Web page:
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Press Release

Illinois Man Sentenced To 17.5 Years For Sexual Exploitation After Traveling To Michigan To Meet Child

For Immediate Release
U.S. Attorney's Office, Western District of Michigan

          GRAND RAPIDS, MICHIGAN — U.S. Attorney for the Western District of Michigan Mark Totten today announced that Eduardo G. Torres, 26, of Waukegan, Illinois, was sentenced by U.S. District Judge Janet T. Neff to 210 months in prison, followed by 5 years of supervised release, for sexually exploiting a child.

          “As the sexual exploitation of children online continues to rise, my office is committed to protecting children and bringing sex offenders to justice,” said U.S. Attorney Mark Totten.  “The devices that nearly every child and teenager now carry leave kids vulnerable to criminals down the street, across state lines, and around the world. I strongly urge parents, guardians, and loved ones to educate their kids about online dangers, stay aware of their social media activities, and create a trusting relationship where kids are willing to share if something goes wrong.” 

          In April 2023, Torres sexually assaulted a 12-year-old girl and filmed it after initially meeting her online, communicating with her through Snapchat, and then traveling to meet her in person.  To do so, he drove from Illinois to Berrien Springs, Michigan. After assaulting the girl, he also transported her back across state lines to his residence in Illinois.  Torres previously pled guilty to sexual exploitation of a child on December 18, 2023, for the child pornography he created when he filmed the sexual assault.  Federal law prohibits the production, distribution, receipt, or possession of any image containing child pornography.

          “Mr. Torres engaged in an egregiously inappropriate relationship with a minor, exploiting and sexually assaulting the young victim. Investigating those who prey on our children is a top priority for the FBI,” said Cheyvoryea Gibson, Special Agent in Charge of the FBI in Michigan. “I commend the FBI's Benton Harbor Safe Streets Task Force for their dedicated efforts in this case and their relentless pursuit of justice for our communities' children.”

          “The Berrien Springs Oronoko Township Police Department appreciates the work done on this case by the U.S. Attorney’s Office for the Western District of Michigan along with the assistance from the Federal Bureau of Investigation,” said Police Chief Paul Toliver. “Working together with these agencies was instrumental in quickly bringing a child predator to justice and returning a child home to her family.”

          Parents and caregivers are urged to take steps to protect their children and teenagers from online predators. The FBI most often sees crimes against children begin when an adult either forges a relationship with a young victim online and later arranges to meet and abuse the child; or coerces a child into producing sexually explicit images or videos through manipulation, gifts, or threats.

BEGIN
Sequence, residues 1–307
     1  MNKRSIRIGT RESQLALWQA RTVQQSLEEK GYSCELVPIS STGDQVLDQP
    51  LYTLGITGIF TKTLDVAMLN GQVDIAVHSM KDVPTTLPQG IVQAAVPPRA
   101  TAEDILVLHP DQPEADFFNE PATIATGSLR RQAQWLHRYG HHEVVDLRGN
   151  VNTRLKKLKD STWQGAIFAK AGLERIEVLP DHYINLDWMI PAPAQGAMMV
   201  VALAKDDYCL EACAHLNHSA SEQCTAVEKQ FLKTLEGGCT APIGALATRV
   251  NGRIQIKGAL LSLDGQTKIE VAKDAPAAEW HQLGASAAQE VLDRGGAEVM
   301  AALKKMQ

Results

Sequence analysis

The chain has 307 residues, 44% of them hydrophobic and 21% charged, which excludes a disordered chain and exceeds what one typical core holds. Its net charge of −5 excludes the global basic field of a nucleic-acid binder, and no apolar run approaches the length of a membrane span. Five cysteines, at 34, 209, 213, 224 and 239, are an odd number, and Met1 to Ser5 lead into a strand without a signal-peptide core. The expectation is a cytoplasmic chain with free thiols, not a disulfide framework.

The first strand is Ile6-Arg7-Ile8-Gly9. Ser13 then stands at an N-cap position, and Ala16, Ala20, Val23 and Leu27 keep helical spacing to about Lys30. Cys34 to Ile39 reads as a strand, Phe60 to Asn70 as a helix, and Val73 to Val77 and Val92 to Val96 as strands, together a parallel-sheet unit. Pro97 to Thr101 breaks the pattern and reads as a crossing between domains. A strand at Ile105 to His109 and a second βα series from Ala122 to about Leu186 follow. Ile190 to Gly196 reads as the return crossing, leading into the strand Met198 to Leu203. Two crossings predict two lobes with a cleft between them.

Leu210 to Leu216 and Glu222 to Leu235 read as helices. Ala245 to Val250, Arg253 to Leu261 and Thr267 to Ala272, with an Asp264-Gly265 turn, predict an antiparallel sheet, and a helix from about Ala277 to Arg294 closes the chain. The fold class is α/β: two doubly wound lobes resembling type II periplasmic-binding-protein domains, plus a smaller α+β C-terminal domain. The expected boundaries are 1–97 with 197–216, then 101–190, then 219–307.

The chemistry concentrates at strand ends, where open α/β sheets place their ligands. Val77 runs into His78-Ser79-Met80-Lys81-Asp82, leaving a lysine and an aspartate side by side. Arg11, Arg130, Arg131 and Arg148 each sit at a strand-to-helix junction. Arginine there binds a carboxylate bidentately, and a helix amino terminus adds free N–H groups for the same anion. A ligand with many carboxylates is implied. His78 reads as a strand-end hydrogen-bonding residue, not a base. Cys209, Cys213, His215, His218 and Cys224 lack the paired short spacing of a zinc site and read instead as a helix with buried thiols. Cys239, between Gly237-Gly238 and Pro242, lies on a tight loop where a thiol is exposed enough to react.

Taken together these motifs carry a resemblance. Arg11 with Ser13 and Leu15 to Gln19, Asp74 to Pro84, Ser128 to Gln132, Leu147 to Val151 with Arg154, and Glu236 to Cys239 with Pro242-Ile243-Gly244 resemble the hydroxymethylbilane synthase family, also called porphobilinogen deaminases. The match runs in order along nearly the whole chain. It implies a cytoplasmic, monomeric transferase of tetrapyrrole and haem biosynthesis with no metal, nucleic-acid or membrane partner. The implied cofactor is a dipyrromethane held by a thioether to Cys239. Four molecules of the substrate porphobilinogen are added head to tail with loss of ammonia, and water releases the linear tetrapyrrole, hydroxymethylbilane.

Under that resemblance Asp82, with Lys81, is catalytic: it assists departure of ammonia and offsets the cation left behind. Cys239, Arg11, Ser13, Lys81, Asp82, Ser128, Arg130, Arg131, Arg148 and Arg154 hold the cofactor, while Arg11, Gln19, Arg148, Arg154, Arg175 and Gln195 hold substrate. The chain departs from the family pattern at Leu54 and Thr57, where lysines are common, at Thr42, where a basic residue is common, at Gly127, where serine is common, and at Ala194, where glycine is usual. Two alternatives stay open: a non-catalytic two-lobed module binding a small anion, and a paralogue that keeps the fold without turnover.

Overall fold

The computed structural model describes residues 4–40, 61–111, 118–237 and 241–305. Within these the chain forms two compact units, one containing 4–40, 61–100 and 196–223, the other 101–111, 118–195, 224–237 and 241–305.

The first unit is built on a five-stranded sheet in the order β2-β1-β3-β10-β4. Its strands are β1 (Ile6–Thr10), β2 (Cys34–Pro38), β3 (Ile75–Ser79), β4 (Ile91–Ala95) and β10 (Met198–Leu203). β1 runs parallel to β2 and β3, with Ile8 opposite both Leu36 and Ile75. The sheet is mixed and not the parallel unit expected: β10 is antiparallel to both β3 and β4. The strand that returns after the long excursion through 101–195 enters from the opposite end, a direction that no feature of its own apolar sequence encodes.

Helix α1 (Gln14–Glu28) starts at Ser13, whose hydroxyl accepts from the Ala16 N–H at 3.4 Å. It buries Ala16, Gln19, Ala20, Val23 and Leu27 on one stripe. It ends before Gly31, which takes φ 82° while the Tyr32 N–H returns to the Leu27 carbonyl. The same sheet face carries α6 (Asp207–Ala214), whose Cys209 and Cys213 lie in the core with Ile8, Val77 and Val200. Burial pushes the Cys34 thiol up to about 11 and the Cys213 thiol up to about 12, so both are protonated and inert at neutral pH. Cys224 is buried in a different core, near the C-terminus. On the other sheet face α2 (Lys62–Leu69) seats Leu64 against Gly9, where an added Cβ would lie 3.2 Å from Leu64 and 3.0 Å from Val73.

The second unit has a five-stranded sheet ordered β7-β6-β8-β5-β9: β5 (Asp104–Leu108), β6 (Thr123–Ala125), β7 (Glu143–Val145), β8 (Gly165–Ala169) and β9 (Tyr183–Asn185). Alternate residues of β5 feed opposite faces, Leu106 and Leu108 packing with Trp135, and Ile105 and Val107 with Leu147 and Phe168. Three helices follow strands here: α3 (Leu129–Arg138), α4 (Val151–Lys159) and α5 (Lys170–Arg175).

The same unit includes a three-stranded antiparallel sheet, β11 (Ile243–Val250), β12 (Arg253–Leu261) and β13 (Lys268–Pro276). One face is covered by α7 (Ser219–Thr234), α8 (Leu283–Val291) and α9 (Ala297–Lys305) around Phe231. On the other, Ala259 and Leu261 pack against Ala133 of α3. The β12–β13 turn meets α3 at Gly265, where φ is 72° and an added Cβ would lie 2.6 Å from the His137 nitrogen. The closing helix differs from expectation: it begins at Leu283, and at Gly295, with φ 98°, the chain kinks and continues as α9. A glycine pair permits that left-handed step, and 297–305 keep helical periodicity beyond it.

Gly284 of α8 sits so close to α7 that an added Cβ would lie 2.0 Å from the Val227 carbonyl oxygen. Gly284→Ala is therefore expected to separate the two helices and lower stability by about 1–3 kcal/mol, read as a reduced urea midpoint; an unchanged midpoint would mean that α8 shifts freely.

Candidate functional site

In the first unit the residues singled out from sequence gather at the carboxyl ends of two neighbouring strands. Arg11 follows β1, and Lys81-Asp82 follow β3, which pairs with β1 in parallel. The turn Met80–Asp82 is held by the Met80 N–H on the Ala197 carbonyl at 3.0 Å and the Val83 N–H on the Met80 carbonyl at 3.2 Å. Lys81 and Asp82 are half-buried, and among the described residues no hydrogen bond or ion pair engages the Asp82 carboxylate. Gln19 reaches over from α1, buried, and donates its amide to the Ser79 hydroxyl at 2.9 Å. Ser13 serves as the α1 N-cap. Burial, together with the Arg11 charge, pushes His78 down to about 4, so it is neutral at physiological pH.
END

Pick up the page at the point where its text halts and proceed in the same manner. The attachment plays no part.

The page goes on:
The FBI offers the following advice for parents to protect their children from online predators:

  • Have open and ongoing conversations about safe and appropriate online behavior.
  • Educate yourself about the websites, software, games, and apps that your children use.
  • Check their social media and gaming profiles and posts. Have conversations about what is appropriate to say or share.
  • Explain to your kids that once images or comments are posted online, they can be shared with anyone and never truly disappear.
  • Make sure your kids use privacy settings to restrict access to their online profiles.
  • Tell your children to be extremely wary when communicating with anyone online who they do not know in real life.
  • Encourage kids to choose appropriate screen names and to create strong passwords.
  • Make it a rule with your kids that they can't arrange to meet up with someone they met online without your knowledge and supervision.

          When children become victims, law enforcement stands ready to help. Report any inappropriate contact between an adult and your child to law enforcement immediately. Notify the site they were using, too. In addition to contacting local law enforcement, parents, victims, and others can report these crimes to the FBI by calling 1-800-CALL-FBI or visiting Further information about online safety is available at the FBI website, Parents, Caregivers, and Teachers: Protecting Your Kids.

          This case was brought as part of Project Safe Childhood, a nationwide initiative to combat the growing epidemic of child sexual exploitation and abuse launched in May 2006 by the Department of Justice. Led by U.S. Attorneys’ Offices and CEOS, Project Safe Childhood marshals federal, state and local resources to better locate, apprehend and prosecute individuals who exploit children via the Internet, as well as to identify and rescue victims. For more information about Project Safe Childhood, please visit

          This case was investigated by the Federal Bureau of Investigation (FBI) and the Berrien Springs Oronoko Township Police Department.  Assistant United States Attorney Lauren F. Biksacky prosecuted the case.


Updated May 15, 2024

Project Safe Childhood